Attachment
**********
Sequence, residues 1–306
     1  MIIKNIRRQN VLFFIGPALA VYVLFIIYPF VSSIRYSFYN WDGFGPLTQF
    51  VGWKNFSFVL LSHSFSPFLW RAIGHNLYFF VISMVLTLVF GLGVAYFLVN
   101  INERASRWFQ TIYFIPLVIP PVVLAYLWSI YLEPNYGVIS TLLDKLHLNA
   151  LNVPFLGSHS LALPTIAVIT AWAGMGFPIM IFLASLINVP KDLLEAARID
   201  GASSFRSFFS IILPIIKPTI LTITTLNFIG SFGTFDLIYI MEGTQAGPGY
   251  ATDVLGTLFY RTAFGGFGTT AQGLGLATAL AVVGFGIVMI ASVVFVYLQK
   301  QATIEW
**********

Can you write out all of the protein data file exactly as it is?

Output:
Sequence, residues 1–306
     1  MIIKNIRRQN VLFFIGPALA VYVLFIIYPF VSSIRYSFYN WDGFGPLTQF
    51  VGWKNFSFVL LSHSFSPFLW RAIGHNLYFF VISMVLTLVF GLGVAYFLVN
   101  INERASRWFQ TIYFIPLVIP PVVLAYLWSI YLEPNYGVIS TLLDKLHLNA
   151  LNVPFLGSHS LALPTIAVIT AWAGMGFPIM IFLASLINVP KDLLEAARID
   201  GASSFRSFFS IILPIIKPTI LTITTLNFIG SFGTFDLIYI MEGTQAGPGY
   251  ATDVLGTLFY RTAFGGFGTT AQGLGLATAL AVVGFGIVMI ASVVFVYLQK
   301  QATIEW